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16 February 2005: Name Calling (2 of 4)

I have a colleague who very intentionally does not call her students kids. Her belief, if you were to ask her, is that the term "kids" is belittling to her students because it makes them less than individuals. Her preferred language is "young people."

When she refers to her students as young people, the intention is to affirm their humanity, their ability, and their value.

I know that seems like an unbearably deep reading of a common term of affection for our students, but really, the point to be made is that we should not take for granted the language we use with our students. All language is biased. There are connotations, societal values, and all manner of hidden baggage that accompany our word choice, whether we chose to acknowledge it or not.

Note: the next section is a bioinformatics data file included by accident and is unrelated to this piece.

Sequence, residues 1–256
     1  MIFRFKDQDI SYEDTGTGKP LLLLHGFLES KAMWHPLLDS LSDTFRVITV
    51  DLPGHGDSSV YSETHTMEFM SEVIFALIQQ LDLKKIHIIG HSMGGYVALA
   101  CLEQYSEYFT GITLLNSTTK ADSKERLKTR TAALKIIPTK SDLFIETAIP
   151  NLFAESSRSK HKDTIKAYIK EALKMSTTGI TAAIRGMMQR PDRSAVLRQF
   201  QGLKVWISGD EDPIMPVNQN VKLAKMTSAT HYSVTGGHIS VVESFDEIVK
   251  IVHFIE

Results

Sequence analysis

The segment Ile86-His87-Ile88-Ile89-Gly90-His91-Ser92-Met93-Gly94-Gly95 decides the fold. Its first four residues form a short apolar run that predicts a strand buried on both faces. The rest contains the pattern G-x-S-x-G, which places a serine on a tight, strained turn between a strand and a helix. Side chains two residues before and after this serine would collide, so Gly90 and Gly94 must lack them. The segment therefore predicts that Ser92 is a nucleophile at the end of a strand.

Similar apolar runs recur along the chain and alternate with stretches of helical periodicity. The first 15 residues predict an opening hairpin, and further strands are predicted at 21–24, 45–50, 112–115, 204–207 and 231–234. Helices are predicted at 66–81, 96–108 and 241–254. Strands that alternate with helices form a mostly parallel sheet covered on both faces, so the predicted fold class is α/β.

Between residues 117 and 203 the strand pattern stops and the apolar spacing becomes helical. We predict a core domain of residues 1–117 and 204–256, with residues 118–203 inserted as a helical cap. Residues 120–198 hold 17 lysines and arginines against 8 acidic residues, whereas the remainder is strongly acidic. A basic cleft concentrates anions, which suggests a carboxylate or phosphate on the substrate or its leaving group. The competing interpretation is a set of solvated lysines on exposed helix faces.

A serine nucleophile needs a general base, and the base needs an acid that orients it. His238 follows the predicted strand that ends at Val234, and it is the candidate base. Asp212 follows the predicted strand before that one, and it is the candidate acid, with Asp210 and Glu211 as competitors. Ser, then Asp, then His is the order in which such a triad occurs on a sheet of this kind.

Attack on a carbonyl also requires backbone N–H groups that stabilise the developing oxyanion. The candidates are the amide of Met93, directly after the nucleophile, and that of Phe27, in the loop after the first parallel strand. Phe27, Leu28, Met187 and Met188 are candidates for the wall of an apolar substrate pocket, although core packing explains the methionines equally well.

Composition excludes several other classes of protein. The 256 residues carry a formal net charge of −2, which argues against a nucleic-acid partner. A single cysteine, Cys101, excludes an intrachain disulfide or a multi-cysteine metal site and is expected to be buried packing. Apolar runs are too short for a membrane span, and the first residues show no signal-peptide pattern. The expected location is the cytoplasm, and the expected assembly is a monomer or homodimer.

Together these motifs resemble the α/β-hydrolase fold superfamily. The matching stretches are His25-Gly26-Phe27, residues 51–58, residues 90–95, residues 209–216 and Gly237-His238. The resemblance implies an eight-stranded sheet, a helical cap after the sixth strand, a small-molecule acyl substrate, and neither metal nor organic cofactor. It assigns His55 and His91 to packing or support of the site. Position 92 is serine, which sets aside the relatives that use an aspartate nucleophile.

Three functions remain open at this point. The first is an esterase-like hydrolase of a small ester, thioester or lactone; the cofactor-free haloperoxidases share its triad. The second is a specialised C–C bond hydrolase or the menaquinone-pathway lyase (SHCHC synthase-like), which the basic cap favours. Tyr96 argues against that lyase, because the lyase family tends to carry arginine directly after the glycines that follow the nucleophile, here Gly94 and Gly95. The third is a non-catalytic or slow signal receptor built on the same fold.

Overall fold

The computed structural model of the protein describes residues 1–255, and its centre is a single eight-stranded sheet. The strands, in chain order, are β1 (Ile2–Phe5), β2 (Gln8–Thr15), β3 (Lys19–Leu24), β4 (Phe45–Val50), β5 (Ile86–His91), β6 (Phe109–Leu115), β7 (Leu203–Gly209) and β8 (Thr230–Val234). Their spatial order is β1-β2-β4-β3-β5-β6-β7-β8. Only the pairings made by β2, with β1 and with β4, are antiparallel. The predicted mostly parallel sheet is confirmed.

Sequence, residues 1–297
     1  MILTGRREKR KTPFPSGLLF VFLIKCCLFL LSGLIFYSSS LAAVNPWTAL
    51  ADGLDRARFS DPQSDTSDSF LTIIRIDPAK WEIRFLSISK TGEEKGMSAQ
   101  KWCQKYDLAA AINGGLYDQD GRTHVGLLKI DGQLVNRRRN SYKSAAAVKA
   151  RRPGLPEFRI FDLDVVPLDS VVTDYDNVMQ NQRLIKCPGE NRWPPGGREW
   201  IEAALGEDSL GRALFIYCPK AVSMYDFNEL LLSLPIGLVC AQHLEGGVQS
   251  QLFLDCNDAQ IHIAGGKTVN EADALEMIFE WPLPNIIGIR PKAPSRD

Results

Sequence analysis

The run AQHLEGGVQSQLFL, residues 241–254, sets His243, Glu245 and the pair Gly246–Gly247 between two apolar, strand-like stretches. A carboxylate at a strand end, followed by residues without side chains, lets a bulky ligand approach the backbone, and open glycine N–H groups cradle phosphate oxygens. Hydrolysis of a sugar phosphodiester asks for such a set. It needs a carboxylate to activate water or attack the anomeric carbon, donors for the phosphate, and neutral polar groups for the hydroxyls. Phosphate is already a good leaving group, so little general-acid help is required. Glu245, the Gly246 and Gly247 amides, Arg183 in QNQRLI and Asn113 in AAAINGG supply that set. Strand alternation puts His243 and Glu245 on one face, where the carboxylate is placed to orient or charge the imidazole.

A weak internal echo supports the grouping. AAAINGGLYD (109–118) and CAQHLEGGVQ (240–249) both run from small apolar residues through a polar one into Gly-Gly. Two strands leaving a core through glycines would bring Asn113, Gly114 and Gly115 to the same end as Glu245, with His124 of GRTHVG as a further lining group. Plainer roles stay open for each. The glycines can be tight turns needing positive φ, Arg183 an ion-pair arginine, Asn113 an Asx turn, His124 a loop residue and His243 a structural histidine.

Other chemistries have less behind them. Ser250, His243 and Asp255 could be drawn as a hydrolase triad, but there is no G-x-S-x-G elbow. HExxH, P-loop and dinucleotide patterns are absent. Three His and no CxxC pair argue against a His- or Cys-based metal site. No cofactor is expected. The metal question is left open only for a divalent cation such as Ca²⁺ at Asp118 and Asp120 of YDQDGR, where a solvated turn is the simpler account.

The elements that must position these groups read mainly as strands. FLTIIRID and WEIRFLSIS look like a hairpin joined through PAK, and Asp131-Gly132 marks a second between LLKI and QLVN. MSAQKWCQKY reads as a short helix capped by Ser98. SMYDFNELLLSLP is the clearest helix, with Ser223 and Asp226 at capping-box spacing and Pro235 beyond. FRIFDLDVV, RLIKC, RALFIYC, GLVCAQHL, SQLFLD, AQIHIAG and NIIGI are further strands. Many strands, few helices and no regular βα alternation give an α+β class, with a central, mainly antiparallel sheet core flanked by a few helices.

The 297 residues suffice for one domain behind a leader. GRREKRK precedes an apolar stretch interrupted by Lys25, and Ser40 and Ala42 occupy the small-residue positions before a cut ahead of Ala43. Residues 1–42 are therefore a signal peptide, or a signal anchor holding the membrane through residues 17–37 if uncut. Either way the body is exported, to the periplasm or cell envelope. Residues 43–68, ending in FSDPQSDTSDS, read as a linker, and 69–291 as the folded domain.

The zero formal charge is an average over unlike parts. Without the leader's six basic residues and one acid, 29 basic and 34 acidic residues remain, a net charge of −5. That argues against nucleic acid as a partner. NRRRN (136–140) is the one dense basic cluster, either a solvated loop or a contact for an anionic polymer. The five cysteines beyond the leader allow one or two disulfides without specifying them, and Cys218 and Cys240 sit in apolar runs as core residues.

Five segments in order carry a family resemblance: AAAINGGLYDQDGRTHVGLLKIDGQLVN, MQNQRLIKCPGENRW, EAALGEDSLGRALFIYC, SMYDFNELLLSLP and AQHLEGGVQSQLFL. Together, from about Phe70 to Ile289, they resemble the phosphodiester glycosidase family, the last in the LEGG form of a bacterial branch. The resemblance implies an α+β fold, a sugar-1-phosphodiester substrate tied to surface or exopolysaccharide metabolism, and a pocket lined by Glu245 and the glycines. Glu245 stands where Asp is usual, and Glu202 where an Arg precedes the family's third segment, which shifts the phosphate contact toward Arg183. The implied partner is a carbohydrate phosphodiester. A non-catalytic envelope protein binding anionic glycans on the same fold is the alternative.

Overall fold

As another example, imagine what would be the difference between calling your class "class", and calling them "students"? May seem minor, but in the end "class" emphasizes their situation of being taught (and probably their passivity in that process), while "students" affirms each students' individuality, their participation and their responsibility.

I'm not even going to touch "boys and girls." I'm not saying it's wrong, I'm just advocating that if that's something that you use to address your students regularly, you should think about what values you may be advocating--whether purposefully or not.

teaching quote of the day

Tell me and I forget. Show me and I remember. Involve me and I understand.

- Chinese proverb

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